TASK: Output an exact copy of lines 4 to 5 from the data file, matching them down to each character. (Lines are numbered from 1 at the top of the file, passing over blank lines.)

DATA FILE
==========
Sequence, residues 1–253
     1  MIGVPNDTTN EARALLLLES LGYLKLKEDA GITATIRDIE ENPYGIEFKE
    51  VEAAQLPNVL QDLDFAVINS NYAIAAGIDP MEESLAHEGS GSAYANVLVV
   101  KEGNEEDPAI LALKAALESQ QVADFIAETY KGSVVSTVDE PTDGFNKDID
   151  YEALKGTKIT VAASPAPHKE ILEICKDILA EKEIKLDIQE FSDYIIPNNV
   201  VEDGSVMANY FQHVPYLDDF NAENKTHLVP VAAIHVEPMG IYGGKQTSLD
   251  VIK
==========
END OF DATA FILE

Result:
   101  KEGNEEDPAI LALKAALESQ QVADFIAETY KGSVVSTVDE PTDGFNKDID
   151  YEALKGTKIT VAASPAPHKE ILEICKDILA EKEIKLDIQE FSDYIIPNNV